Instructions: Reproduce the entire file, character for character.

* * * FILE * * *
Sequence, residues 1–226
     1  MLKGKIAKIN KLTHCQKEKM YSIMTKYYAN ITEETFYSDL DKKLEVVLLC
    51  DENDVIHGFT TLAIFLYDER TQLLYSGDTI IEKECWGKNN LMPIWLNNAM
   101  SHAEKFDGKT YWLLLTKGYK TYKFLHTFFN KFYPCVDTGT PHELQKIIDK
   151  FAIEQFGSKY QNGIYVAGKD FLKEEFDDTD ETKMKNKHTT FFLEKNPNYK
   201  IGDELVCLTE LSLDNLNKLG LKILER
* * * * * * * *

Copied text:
Sequence, residues 1–226
     1  MLKGKIAKIN KLTHCQKEKM YSIMTKYYAN ITEETFYSDL DKKLEVVLLC
    51  DENDVIHGFT TLAIFLYDER TQLLYSGDTI IEKECWGKNN LMPIWLNNAM
   101  SHAEKFDGKT YWLLLTKGYK TYKFLHTFFN KFYPCVDTGT PHELQKIIDK
   151  FAIEQFGSKY QNGIYVAGKD FLKEEFDDTD ETKMKNKHTT FFLEKNPNYK
   201  IGDELVCLTE LSLDNLNKLG LKILER